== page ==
I see your point. I guess what I'm worried about is how it would affect play of the game. Like your last statement above. That is, it seems that the standard set-up (and this is from the lightest of readings of the game, mind you, so I may well be wrong), is that the PCs are confronted with people who are objectively wrong morally. Can the mechanics handle conflcits whith those who are objectively correct? Or conflicts with those who are in grey territory?

You tell me, I really can't say.

Mike
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Brand_Robins
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« Reply #6 on: November 05, 2004, 03:03:04 PM »

Quote from: Mike Holmes
Can the mechanics handle conflcits whith those who are objectively correct? Or conflicts with those who are in grey territory?


Objective morality. Mike, you've got to learn not to start these kinds of conversation....

To keep it confined to the game, as I understand Dogs, "objective moral truth" only comes after the Dogs render judgement. Unless a player choses to say that their Dog has done something immoral or wrong, whatever their Dog renders as judgement is the Will of God, and thus moral under theistic law.

Before the Dogs make the judgement there isn't an absolute objective morality. There can be pretty freaking clear indications of something wrong, but what exactly those wrong things mean and what the proper punishment/resolution of them is up to the characters.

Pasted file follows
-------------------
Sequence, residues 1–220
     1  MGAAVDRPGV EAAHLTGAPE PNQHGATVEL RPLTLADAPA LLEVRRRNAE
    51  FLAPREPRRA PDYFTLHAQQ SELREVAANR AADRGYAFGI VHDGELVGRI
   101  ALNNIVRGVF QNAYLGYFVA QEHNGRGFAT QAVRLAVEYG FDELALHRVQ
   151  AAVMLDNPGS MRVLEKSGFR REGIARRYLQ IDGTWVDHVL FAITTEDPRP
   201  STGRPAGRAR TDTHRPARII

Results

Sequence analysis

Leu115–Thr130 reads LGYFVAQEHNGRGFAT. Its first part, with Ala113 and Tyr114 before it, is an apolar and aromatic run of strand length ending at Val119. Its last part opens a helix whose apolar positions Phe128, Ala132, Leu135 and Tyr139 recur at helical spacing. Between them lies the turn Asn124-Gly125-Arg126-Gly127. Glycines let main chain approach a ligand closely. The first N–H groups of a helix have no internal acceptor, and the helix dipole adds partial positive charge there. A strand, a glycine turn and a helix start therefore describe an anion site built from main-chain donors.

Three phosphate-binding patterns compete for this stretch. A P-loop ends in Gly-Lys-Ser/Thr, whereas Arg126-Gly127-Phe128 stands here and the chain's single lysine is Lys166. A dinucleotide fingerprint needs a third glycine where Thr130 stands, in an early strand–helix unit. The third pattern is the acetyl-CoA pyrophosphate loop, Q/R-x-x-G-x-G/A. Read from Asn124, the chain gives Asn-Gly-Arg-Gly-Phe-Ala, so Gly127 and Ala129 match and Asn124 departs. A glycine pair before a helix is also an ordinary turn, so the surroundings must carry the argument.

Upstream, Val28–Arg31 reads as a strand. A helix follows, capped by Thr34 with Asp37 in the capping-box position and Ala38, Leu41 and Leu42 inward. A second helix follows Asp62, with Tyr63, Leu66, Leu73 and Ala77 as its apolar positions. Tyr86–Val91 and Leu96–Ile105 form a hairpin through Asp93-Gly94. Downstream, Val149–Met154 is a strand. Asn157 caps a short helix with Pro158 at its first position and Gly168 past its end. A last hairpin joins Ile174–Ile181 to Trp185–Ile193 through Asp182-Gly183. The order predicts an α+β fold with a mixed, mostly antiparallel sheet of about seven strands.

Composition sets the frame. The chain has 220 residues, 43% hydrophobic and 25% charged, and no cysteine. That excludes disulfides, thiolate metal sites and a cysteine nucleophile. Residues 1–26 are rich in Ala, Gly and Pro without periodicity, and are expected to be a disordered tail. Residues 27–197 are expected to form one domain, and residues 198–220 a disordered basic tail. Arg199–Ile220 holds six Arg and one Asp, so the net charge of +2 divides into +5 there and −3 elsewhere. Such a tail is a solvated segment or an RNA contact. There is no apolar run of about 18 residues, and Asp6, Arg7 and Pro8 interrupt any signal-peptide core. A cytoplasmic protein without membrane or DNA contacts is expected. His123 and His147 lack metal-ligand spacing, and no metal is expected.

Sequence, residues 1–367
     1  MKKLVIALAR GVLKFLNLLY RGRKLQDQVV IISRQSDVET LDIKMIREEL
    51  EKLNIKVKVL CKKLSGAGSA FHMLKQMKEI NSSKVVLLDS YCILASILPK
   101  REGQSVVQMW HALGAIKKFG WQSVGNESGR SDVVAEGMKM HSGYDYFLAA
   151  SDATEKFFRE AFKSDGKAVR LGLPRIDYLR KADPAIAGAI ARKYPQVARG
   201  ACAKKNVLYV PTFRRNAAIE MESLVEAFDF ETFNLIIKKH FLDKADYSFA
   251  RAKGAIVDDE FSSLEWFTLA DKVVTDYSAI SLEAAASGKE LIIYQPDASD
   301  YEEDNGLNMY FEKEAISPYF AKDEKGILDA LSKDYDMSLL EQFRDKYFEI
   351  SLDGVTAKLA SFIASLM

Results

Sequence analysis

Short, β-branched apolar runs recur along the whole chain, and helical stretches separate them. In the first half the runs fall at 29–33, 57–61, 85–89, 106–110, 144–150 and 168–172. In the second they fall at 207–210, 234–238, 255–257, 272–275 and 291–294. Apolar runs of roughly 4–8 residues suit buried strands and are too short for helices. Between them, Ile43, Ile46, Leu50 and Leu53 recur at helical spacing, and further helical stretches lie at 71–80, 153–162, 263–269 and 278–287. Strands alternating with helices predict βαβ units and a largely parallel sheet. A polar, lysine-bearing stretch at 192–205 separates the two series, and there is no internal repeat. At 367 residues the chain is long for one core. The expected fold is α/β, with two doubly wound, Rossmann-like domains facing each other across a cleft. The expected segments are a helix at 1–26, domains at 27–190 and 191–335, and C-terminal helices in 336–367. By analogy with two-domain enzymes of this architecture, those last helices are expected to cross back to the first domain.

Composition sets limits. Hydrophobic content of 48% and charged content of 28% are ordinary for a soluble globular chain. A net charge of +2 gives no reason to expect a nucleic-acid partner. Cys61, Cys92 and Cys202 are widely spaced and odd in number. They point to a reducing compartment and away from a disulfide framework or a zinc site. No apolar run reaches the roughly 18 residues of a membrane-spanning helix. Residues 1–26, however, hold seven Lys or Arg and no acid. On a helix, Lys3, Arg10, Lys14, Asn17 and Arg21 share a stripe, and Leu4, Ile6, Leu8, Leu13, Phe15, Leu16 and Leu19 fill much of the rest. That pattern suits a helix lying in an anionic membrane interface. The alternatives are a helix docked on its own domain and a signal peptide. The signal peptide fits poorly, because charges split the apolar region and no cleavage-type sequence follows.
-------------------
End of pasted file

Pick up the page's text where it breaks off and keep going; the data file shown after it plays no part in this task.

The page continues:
So, the objective morality comes from the decisions of the PCs. In terms of the Nar game it doesn't exist outside that.
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- Brand Robins
Spooky Fanboy
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« Reply #7 on: November 05, 2004, 09:21:50 PM »

If I were going to write up this town (something I tremble at doing), I'd definitely set it during the standard Dogs time frame. Polygamy is still part of the equation then (before the Mormons officially banned it), and I can't imagine that something like this hasn't happened before. (Not faulting the LDS for this either, polygamy is tricky under even the best, most tightly-controlled standards.)

Something that occured to me, as I was reading the responses: While it's true that ultimately the players must pass judgement on the setting, the GM designing the towns does have a small amount of input into this. He is the one initially defining which activities the Demons are exploiting and how. Depending on how this town was initially written, the branch Steward could be made to be forming False Doctrine, or, if the GM decides to make the conflict more abstract, the Steward could simply be acting as his faith and vision of the problem dictate.

In the article, the lawyer defending Warren Jeffs stated that a lot of these young men have had problems with drugs and alcohol, which is why they got kicked out. He also said that this was a largely religious matter, a matter which the people took seriously, and if the church was not allowed to excommunicate those who violated the teachings, how were they supposed to keep the faith pure?